As people live longer, and as more progress is made in preventing the leading causes of death — such as cancer and heart disease — the chronic conditions of older adulthood make a more profound impact on families and society. Of these Alzheimer’s Disease may be one of the most devastating because of its progressive nature and associated disability.
The typical progression of Alzheimer’s is familiar: a person, usually an older, begins to forget details. Errors in thinking become more frequent and serious until they interfere with the patient's and their family’s activities of daily life. Eventually, the victim may fail to recognize familiar people and places, and lose the ability to care for themselves. Death usually occurs due to other illnesses or as a result of complications of the disability.
Although the underlying cause is not fully known, the changes in brain tissue that bring on the symptoms of Alzheimer’s are readily recognized. The support structures between neurons progressively become more and more damaged. At least two proteins that are most likely responsible for this damage have been identified. Then, the neurons themselves die. Although a definitive diagnosis can be made only by examining brain tissue under a microscope – usually at autopsy – Alzheimer’s can be identified with reasonable certainty from a computerized tomography (CT) scan and laboratory tests, provided other common causes of dementia have been excluded.
In the early to middle stages of Alzheimer’s, family members are usually responsible for most of the care. A familiar, quiet and well-structured environment with a simple, regular routine works best for most people with Alzheimer’s. Family caregivers need support from friends, neighbors and employers in maintaining this kind of environment; they also need support and encouragement for themselves. For example, respite care that enables caregivers to get away for a break can be helpful.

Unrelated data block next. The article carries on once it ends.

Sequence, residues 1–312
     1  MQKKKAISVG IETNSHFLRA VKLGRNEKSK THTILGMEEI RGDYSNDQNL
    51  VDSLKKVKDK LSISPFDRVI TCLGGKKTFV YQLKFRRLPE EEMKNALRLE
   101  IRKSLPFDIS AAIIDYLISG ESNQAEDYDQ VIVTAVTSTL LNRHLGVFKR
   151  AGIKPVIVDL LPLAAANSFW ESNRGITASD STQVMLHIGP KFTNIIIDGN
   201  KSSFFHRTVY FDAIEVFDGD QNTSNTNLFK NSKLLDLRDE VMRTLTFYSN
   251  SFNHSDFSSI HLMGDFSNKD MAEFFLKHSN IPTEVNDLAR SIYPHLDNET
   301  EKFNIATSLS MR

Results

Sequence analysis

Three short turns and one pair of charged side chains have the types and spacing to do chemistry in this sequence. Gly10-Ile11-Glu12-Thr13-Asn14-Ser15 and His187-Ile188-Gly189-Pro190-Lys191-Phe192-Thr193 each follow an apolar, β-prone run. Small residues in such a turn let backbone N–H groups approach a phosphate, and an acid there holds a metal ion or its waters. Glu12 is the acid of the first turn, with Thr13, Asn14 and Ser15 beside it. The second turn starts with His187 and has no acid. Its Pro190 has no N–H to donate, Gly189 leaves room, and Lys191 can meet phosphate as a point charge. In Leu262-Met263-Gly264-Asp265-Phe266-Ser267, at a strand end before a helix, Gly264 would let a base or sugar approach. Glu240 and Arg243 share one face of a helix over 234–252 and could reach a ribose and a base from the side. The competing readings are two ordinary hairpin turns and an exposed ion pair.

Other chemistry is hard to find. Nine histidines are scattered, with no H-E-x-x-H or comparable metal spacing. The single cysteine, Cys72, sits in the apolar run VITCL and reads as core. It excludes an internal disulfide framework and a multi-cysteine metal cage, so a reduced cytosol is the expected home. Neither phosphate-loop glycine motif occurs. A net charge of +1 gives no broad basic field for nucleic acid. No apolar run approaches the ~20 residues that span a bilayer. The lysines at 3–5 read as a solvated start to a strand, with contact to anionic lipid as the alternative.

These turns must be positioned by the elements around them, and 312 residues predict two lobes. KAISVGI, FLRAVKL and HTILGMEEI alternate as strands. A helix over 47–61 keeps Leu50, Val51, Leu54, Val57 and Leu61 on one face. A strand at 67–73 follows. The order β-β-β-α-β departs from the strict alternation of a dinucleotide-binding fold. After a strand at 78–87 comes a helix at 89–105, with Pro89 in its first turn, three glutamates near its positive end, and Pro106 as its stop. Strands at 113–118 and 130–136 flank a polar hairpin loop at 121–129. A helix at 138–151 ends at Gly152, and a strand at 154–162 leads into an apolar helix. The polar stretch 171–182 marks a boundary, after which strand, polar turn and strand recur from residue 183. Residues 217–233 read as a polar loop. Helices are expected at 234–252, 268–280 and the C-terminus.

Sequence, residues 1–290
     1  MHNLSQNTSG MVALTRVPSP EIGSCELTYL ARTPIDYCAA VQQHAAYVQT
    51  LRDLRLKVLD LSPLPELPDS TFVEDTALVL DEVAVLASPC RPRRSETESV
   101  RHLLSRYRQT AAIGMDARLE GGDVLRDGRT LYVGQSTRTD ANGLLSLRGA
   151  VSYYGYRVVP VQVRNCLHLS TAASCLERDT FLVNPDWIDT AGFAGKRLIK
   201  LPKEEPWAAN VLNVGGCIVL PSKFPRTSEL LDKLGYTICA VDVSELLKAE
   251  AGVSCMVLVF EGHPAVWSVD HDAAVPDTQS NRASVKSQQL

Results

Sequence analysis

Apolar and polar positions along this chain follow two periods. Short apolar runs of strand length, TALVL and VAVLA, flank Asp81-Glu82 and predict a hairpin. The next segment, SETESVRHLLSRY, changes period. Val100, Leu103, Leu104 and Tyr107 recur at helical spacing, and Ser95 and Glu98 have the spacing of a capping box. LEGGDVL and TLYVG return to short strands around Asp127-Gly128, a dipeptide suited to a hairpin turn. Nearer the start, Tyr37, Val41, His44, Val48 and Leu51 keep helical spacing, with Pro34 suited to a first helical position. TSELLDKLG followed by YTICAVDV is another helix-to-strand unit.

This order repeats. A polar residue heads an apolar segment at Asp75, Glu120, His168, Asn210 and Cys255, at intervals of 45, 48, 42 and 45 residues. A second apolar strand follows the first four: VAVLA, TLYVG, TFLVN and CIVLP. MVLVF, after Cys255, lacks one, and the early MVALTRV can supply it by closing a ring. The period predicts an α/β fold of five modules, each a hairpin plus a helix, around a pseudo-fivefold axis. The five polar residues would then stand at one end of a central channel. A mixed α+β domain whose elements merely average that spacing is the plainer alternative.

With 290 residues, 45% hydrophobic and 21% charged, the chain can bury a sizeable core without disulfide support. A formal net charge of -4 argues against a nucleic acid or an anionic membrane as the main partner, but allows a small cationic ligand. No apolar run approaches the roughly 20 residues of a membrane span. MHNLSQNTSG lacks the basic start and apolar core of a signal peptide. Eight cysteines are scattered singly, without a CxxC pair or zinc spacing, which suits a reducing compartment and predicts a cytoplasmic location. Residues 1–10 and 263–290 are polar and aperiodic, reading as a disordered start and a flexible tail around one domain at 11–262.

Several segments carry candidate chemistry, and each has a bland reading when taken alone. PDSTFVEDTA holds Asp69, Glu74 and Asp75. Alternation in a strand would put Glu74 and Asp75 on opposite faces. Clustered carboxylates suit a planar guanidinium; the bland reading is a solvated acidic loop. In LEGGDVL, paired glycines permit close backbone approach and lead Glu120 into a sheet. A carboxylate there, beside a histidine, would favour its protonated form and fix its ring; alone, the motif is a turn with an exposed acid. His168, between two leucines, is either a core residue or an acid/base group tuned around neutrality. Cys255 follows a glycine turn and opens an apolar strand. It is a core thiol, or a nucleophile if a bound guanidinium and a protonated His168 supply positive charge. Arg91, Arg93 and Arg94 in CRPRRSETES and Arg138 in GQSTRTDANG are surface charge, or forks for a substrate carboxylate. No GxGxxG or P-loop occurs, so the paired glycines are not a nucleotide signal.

Formal support groups across the nation exist for patients and families coping with Alzheimer’s. Many organizations have published literature about every aspect of Alzheimer’s, available both in hard copy and online. Also, a national bracelet-identification program has now been established to reunite caregivers with Alzheimer’s patients who may have wandered away.
In the later stages needs are often too intense for family members to handle in their homes. Placement in a residential facility may become necessary. When choosing an environment for a loved one, make sure the facility is clean, has a positive track record with the state licensing agency and specializes in the care of persons with Alzheimer’s. When making your choice, it may be helpful to talk with several families of other residents to hear their opinions on the service and level of care. It’s important for you and your loved one that you continue to be active in their circle of care.